The front porches of the homes in Ejido Puebla, in the southern state of Chiapas’ Chenalhó municipality, are covered with coffee beans. Since October, the residents of this indigenous Tzotzil Maya community in a corner of the Chiapas highlands have been harvesting the seeds that are now drying under the sun. On January 17, after five months of exile, 14 of 17 Catholic families from the community who were displaced returned to Ejido Puebla, accompanied by international observers.
“In April 2013, the Presbyterians knocked down the chapel we were building and in July 2013, without proof, the commune’s commissioner [of the ruling Institutional Revolutionary Party (PRI)] Agustín Cruz Gómez accused the two Zapatistas in town of poisoning the communal water tank. Since then, the priístas [members of the PRI], started harassing us,” Nicolás Cruz Pérez, spokesman for the displaced residents, told Latinamerica Press. “Today we returned to our community and found our land and our homes ransacked.”
The displaced families of Ejido Puebla — a base of support for the Zapatista Army of National Liberation (EZLN), and members of Pueblo Creyente and the Civic Organization Las Abejas de Acteal, both Catholic pro-Zapatista organizations — sought refuge in the town of Acteal. There, in Dec. 1997, approximately 100 militants from PRI affiliate group Máscara Roja, or Red Mask, attacked about 300 indigenous Tzotzil. Forty-five of them were killed: 9 men, 15 children, and 21 women, four of whom were pregnant.
The region was in upheaval at the time due to paramilitary violence following the uprising of the EZLN on Jan. 1, 1994, in defense of the rights of the indigenous communities; the landowners, known as hacendados, had organized vigilante “shock groups” to confront them.
The killers next door
According to a petition filed in 2005 before the Inter-American Commission on Human Rights (IACHR) by Las Abejas and the Fray Bartolomé de Las Casas Human Rights Center (Frayba), which was accepted in November 2010, Public Security Police operatives were 200 meters from the chapel and did nothing to stop the massacre in 1997. Moreover, the complainants denounced the existence of a state policy “designed to commit widespread and systematic attacks against civilians carried out by paramilitary groups financed, trained and protected by national authorities to weaken the bases of the EZLN and the communities that have expressed their sympathy.” The government has always denied a role in the massacre, instead claiming the event was the result of religious conflicts between indigenous groups.
Of the 75 Máscara Roja paramilitaries imprisoned for the Acteal massacre, 69 were freed in Aug. 2009 due to irregularities in due process, such as suspects arrested without warrants. Many of them returned to the area, according to Las Abejas; the group is concerned they could attack again.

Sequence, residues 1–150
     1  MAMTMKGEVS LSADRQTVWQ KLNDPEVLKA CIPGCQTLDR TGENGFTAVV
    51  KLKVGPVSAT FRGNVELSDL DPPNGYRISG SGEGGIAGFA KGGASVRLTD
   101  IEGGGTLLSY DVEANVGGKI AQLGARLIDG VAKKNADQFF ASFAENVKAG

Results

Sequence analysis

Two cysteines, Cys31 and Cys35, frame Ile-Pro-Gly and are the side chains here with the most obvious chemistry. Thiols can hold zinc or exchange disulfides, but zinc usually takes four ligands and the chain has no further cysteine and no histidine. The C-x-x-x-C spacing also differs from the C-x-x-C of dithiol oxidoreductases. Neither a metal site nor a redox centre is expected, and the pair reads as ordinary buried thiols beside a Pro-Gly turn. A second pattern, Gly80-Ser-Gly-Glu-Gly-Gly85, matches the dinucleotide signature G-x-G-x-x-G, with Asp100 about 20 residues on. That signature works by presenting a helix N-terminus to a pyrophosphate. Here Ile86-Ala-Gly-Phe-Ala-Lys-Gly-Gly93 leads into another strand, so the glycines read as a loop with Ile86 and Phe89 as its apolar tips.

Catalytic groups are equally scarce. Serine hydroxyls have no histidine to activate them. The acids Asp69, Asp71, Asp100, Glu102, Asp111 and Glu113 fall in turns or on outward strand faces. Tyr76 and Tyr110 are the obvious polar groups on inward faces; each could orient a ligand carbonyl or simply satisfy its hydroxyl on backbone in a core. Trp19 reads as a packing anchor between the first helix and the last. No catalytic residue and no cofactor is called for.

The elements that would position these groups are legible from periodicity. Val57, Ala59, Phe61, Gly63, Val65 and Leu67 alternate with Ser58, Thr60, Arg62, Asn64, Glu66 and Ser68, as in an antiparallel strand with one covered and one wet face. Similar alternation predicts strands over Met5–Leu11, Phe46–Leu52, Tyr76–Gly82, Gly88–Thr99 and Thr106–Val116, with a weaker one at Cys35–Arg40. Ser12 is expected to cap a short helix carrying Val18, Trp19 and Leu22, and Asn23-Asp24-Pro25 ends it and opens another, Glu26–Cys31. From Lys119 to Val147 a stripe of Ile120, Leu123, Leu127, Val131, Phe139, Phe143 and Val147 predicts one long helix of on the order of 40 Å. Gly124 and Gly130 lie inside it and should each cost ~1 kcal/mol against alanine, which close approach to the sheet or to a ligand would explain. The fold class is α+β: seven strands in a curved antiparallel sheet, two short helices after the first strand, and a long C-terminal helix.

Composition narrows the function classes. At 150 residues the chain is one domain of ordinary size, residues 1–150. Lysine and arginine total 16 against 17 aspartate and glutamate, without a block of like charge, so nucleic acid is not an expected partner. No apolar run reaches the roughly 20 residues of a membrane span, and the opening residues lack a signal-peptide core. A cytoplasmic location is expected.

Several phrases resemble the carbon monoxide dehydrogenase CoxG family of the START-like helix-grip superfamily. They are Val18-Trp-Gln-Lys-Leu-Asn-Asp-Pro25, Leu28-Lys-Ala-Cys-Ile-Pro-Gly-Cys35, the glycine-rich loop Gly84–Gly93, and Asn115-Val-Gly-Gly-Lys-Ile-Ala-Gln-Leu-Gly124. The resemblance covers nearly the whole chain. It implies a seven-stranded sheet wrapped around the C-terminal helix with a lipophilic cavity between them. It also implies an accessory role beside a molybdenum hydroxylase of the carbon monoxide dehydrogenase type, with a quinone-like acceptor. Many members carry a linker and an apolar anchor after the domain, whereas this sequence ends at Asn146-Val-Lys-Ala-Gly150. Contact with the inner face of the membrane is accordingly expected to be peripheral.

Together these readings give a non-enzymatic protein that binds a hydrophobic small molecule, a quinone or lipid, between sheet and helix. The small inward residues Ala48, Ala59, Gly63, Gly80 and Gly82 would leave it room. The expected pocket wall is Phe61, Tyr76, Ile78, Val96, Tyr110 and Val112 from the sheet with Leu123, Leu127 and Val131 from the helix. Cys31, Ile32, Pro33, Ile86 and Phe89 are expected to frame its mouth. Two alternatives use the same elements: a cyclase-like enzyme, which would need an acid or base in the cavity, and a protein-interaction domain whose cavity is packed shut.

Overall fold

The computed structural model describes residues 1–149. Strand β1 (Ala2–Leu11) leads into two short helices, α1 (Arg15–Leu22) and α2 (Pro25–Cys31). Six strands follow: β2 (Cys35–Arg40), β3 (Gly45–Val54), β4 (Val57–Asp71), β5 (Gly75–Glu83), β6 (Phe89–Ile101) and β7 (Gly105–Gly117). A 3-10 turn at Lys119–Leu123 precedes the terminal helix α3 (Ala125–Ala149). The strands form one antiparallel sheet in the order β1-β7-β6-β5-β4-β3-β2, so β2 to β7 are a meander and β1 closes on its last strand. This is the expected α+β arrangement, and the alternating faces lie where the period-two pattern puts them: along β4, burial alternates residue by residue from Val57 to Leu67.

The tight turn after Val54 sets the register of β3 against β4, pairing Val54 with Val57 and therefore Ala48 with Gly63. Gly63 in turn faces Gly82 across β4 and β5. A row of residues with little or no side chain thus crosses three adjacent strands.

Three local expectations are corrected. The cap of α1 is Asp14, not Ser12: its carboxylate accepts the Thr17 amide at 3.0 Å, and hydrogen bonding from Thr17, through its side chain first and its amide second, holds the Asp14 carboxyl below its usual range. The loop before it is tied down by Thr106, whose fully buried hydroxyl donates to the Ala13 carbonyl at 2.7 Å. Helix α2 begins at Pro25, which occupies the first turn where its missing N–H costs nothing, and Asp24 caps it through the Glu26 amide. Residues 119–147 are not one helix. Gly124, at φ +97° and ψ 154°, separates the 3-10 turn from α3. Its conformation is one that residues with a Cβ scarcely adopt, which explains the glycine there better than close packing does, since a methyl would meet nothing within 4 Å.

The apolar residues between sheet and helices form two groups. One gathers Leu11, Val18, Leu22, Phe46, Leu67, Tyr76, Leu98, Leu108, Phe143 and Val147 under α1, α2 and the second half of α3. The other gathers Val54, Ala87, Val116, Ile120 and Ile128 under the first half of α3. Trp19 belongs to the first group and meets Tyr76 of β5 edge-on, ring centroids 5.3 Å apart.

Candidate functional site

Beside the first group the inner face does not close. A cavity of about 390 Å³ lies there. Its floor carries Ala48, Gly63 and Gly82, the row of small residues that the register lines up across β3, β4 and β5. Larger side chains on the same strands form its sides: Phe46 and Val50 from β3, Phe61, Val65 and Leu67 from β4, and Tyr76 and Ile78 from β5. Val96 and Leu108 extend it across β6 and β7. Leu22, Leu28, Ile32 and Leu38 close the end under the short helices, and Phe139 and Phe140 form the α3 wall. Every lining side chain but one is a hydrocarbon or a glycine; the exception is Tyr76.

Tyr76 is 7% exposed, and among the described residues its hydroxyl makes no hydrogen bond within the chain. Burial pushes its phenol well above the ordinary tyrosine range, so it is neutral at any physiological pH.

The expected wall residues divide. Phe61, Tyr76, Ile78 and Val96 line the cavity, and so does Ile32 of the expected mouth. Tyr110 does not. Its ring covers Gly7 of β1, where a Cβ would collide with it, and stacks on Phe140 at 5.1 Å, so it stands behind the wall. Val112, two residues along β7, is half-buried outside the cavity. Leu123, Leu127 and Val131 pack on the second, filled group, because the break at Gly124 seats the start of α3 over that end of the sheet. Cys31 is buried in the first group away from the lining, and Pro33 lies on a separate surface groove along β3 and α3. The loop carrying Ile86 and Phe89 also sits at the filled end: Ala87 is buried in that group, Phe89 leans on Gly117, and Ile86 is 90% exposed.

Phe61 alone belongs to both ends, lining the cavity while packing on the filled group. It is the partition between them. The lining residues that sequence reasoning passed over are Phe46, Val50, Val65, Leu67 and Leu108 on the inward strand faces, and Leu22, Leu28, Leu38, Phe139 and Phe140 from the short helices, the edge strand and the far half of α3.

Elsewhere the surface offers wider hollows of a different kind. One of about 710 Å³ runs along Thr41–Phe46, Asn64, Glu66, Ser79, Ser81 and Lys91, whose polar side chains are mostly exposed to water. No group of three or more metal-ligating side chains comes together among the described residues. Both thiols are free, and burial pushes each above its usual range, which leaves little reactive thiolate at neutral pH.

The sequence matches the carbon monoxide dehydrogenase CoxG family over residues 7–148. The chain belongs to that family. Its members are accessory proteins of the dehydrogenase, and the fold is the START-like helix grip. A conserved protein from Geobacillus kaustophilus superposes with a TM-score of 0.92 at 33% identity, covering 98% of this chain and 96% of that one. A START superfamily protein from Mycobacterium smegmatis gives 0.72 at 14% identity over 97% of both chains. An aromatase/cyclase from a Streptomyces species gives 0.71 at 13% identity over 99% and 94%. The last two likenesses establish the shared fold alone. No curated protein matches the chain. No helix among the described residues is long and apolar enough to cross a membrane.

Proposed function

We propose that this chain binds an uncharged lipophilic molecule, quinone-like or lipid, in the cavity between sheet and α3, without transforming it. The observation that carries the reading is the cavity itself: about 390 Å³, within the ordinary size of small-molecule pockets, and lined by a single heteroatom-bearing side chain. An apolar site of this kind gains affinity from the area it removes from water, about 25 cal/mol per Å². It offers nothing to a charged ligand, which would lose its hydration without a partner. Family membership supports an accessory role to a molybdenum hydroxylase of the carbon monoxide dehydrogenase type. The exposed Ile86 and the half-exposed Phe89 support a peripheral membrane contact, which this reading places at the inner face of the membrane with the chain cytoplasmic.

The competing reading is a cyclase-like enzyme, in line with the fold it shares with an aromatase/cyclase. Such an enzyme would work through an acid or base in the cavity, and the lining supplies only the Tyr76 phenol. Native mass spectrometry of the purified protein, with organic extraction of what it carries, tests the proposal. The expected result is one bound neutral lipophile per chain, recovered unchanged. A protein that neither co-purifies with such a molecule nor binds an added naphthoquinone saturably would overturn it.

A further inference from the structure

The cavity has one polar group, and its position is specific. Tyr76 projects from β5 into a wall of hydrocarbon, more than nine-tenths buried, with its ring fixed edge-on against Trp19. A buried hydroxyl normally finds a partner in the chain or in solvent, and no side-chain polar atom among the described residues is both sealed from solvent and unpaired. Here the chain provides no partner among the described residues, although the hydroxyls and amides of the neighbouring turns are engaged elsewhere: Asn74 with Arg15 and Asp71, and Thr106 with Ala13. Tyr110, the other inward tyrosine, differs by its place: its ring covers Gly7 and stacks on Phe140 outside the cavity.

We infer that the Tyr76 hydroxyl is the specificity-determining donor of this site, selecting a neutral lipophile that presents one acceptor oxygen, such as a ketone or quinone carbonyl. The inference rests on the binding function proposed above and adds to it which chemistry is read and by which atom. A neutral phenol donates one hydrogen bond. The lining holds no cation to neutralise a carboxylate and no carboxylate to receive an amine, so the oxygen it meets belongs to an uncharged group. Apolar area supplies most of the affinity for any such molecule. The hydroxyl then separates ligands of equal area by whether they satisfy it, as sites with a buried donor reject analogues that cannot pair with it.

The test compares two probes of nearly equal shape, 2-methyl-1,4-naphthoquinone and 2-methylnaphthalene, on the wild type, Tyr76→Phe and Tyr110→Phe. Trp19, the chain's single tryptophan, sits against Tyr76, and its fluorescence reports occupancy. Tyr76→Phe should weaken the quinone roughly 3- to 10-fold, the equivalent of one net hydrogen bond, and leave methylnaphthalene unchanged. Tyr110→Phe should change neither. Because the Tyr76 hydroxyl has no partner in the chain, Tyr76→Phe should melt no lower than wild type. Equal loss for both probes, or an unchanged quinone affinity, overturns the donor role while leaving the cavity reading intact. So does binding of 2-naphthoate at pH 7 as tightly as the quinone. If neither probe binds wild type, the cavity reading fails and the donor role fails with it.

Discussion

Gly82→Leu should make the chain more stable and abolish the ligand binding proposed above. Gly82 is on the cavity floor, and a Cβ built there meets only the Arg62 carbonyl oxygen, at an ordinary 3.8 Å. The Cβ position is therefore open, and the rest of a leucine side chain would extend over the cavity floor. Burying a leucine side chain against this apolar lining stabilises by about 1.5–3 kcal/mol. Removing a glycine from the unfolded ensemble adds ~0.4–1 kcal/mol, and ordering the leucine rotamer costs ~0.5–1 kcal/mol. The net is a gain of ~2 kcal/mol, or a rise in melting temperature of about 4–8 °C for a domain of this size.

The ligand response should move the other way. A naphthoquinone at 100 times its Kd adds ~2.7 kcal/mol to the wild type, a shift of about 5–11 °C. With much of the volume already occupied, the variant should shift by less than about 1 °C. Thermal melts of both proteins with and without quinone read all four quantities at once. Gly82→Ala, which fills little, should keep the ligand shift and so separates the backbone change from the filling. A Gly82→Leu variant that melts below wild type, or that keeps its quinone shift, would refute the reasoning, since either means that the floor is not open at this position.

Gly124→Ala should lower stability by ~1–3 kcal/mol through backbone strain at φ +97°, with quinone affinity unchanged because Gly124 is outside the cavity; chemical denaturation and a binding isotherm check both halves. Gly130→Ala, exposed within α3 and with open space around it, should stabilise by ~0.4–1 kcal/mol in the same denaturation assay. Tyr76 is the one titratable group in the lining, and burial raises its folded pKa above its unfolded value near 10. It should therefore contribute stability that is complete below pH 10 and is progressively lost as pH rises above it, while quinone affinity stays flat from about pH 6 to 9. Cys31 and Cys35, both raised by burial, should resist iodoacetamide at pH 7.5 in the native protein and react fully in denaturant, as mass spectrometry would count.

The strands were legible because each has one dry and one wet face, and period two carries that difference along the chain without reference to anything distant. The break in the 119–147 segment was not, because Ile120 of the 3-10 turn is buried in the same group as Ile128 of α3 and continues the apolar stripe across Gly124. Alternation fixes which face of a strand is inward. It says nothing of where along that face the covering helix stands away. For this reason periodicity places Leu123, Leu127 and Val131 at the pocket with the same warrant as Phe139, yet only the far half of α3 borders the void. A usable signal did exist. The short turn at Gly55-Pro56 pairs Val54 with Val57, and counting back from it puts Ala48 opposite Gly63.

“Some of the paramilitaries who participated in the Acteal massacre are originally from Ejido Puebla. Among them is Jacinto Arias, who at that time was president of the Municipality of Chenalhó; he was incarcerated for 14 years, today he is free and returned to the town,” Víctor Hugo López Rodriguez, director of Frayba, told Latinamerica Press. He believes there is a link between Arias’s return to the community and the displacement of Catholic families.
Likewise, the residents of Chiapas’ Zona Selva Norte, about 120 miles north of Acteal, must live alongside their relatives’ killers: paramilitaries from the group Development, Peace and Justice, who have operated in the area since the 1990s. Armando Díaz, an ex-paramilitary with the group, provided a statement to Frayba in 2004, saying that the irregular militia is portrayed as an organization of farmworkers, therefore receives government subsidies, which it in turn uses to buy arms.
From Dec. 6-7, 2013, in the Chiapas community of Susuclumil, the pre-trial hearing of the Permanent Peoples’ Tribunal (PPT) took place — an international, non-governmental court that sets out to denounce the perpetrators of human rights violations, although their decisions are not binding, in its chapter devoted to the low-grade ongoing conflict in Chiapas.
Speaking to the PPT, Frayba attorney￼ Pedro Faro claimed that from 1995 to 1999 — a period in which the militias were most active — Development, Peace and Justice and other paramilitary groups were responsible for 81 extrajudicial killings, 36 disappearances, and the displacement of more than 3,500 residents of communities around Tila, Sabanilla, Tumbalá, Yajalón and Salto de Agua, in northern Chiapas.
Faro said the counterinsurgency plan from the Secretariat of National Defense, named “Campaña Chiapas 94,” took root locally and expanded into the highlands, favoring “paramilitary action with the goal of crushing the increasing influence of the EZLN, [by] committing systematic attacks against the civilian population.” The paramilitary groups, he added, were made up largely of indigenous campesinos that belonged to the PRI, and their crimes included extrajudicial killings, forced disappearances, threats, robberies, forced displacements, and arson.
After 2000, when the right-wing National Action Party (PAN) came to power, the counterinsurgent strategy shifted and focused on government assistance projects with the objective of dividing communities and buying off their leaders, added Faro.
The TPP, which will next hold a session in May 2014 in the city of San Cristóbal de Las Casas, concluded that the Mexican government and the Armed Forces are responsible for human rights violations committed in Chiapas since 1994, following the EZLN uprising, because it covered up and contributed financially to the paramilitary groups.
Article published by Latinamerica Press on 21.02.2014: http://www.lapress.org/articles.asp?art=6976
Versión en español: http://www.sobreamericalatina.com/?p=761